I’m pleased to announce dates and details for the first half of 2014′s workshops, starting with the first Masterclass in Kuala Lumpur during the Thaipusam festival, followed by Sydney, Melbourne and London! Click on for more details, or if you’d like to register, please send me an email.
In the previous article, we looked at some of the fundamental principles of landscape photography. Today, we’re going to question more of those assumptions and see how those principles apply equally to a very diverse range of subjects.
Let’s start with what is, on the face of things, a fairly obvious question: At what point does a landscape turn into a cityscape turn into architecture turn into urban reportage/ flaneur photography? If you have an expansive natural scene with one remote house on it, is it still a landscape? I think nobody would argue with you on that one. Two houses? A small town? Maybe it’s a question of scale, or visual dominance? What about a physically small scene with predominantly natural elements – that’s a landscape, surely. But what if the scene is man-made with merely the inclusion of natural elements? I’m sure a carefully-planned Japanese garden is definitely landscape material. Regardless of the answer, I think we can all agree that the lines become increasingly blurred.
I’ll be straight up honest here: I’m not known as a landscape photographer. Far from it, in fact. But that hasn’t stopped me from experimenting, and as we all know, experimentation is the key to artistic development and evolution: applying what you learn in one discipline to your others can result in something unique, and vice versa. I think the relationship between landscape, cityscape and architectural photography is pretty obvious. Might I approach a watch or food plating as a landscape in future? Why not! Or treat a landscape as an abstract? Certainly.
After my review of his first book, I received a very complimentary email from Nick thanking me for my review and expressing something between relief and gratitude that the lengths he went to to get to prints right were being appreciated. A short correspondence developed, and he has very graciously agreed to an exclusive interview for the site, which follows my review of the final book in the series – Across The Ravaged Land – and constitutes today’s post. I admit that writing the questions for that interview made me somewhat nervous, because Nick is one of my few true photographic heroes; a rockstar with integrity, talent, and beyond that, passion. Let us begin.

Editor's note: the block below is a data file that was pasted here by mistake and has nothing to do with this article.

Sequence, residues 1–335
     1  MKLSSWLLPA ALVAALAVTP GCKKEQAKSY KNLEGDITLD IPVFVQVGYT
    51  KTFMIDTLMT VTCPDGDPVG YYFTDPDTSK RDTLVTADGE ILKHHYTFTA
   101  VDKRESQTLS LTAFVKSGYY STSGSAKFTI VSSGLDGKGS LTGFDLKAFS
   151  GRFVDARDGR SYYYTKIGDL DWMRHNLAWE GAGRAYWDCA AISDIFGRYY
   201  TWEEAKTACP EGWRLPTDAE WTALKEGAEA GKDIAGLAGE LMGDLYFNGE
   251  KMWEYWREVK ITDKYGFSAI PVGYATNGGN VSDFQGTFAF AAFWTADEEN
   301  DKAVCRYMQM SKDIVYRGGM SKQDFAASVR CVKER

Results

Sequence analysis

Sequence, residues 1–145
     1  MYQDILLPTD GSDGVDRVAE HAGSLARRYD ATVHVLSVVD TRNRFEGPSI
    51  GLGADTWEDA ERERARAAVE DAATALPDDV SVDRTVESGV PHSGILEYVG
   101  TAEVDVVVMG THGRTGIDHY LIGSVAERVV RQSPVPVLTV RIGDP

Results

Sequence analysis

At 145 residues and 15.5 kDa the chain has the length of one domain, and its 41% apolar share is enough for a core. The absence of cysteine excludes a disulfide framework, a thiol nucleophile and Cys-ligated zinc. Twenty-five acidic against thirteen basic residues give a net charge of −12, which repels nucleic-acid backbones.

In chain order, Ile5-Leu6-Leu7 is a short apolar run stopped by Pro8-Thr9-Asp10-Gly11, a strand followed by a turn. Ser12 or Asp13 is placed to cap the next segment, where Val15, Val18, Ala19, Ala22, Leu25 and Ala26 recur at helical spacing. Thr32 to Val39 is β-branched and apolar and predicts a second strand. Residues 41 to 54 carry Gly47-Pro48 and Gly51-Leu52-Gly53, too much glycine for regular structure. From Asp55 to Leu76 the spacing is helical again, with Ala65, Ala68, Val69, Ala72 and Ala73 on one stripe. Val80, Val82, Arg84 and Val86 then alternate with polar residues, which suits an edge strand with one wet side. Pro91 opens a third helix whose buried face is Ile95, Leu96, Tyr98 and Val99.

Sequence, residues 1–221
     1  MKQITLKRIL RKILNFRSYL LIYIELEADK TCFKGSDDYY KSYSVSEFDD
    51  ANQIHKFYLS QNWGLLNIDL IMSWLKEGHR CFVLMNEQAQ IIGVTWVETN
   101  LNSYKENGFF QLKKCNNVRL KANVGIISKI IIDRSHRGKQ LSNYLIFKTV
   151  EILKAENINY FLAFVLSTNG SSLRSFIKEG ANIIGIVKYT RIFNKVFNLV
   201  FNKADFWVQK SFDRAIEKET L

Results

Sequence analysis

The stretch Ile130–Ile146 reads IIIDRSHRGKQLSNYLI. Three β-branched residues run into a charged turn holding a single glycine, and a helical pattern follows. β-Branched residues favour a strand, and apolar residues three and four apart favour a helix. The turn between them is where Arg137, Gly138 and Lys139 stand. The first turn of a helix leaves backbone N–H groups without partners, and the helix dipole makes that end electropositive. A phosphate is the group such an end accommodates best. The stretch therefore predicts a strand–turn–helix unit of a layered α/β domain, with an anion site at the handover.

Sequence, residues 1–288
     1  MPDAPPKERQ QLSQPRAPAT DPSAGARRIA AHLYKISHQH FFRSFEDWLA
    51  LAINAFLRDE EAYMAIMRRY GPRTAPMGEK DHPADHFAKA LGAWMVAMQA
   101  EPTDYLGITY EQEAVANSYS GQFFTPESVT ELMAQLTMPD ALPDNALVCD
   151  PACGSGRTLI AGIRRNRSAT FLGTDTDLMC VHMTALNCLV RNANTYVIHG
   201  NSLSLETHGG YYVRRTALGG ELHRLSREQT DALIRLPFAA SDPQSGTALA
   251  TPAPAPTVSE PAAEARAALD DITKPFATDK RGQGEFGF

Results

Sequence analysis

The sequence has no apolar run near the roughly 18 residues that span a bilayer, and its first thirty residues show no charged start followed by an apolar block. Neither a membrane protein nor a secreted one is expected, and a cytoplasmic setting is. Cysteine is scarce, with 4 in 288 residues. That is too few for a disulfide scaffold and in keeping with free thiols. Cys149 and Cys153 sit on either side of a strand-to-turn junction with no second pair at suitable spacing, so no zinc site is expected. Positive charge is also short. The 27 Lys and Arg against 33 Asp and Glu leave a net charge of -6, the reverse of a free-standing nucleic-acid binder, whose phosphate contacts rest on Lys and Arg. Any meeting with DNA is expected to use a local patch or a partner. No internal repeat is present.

I think many of you will recall me being quite blown away by the power of the images and the quality of the printing/ presentation in my review of Nick Brandt’s earlier twin book On This Earth, A Shadow Falls (here). I’m fairly sure many of you were too, judging from my email traffic, the comments, and the number of orders via Amazon. I’ve turned into an enormous fan of Nick’s work: he is the photographer’s photographer, a man who clearly thinks about what he’s doing, photographs with integrity, for a reason, with an idea, with the most appropriate tool for the job, and presents the images in the best possible way. Across The Ravaged Land, the final volume in the trilogy, raises the bar even further. I spent an hour with the book and felt like I’d been smacked upside the head with the Pentax 67II he favours. Allow me to explain why.
Note: in this article, I’ve attempted to reproduce the tonal feel and colour of the images as accurately as possible, but reality is that it’s simply impossible to do so via a screen and a JPEG. Just buy the book, and from the print quality alone you’ll see why every photographer should spend some time making prints. I can’t even begin to imagine the impact of the large format images.
I must first apologize for the enormous processing backlog that has kept me from posting any images from the Amsterdam and Prague workshops several months ago to the site; the astute of you will have seen them go up on Flickr a little while ago, though.
One of the winning images from photographer of the year, Yaman Ibrahim.
Sometimes, choice can make life difficult. A couple of weeks ago, five judges and I sat down (virtually, since everybody was in different parts of the world) to decide on the category and overall winners for the 2013 Maybank Photo Awards. I had the privilege of working with Raghu Rai from Magnum; Mike Yamashita from National Geographic; Jim Liaw and Manny Librodo. Submissions closed on 31 October after three months, with a grand total of nearly 70,000 entries from 9 ASEAN countries. Shortlisting these down to approximately 1,500 final contenders was a panel of secondary judges, with myself overseeing.
Winning images and detailed results may be viewed here at the Maybank Photo Awards website.
Today’s post is a small collection of recent work – I suppose a better description is grab shots encountered in the course of life when I didn’t have another camera available to me. I make no excuses for the medium; the work stands on its own. It’s to serve as a reminder that the camera really doesn’t matter. Enjoy! MT
In a break from regular programming, I’m going to take up one of my readers’ suggestions from a flickr comment and review something different for a change: a car. There are a few automotive journalists I admire and whose work I enjoy for various reasons; the Top Gear trio, Chris Harris, etc. But I’m going to approach this in the same style I approach my camera reviews: from an unashamedly practical standpoint and with some nice images. I’m an enthusiast and nothing more. Read on if you dare.